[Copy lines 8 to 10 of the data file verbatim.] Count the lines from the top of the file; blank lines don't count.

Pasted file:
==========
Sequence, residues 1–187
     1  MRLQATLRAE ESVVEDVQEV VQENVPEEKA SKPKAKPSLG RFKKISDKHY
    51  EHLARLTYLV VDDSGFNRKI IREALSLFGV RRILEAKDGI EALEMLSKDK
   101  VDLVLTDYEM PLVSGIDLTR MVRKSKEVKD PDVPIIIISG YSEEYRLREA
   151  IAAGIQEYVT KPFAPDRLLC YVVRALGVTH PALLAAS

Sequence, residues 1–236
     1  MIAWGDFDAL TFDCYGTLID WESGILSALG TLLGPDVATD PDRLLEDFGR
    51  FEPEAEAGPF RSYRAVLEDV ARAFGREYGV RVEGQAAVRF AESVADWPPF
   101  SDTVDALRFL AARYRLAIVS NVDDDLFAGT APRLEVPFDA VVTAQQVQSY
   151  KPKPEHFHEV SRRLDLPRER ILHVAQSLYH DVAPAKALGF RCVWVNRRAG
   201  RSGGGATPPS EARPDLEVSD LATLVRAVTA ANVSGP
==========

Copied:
    51  FEPEAEAGPF RSYRAVLEDV ARAFGREYGV RVEGQAAVRF AESVADWPPF
   101  SDTVDALRFL AARYRLAIVS NVDDDLFAGT APRLEVPFDA VVTAQQVQSY
   151  KPKPEHFHEV SRRLDLPRER ILHVAQSLYH DVAPAKALGF RCVWVNRRAG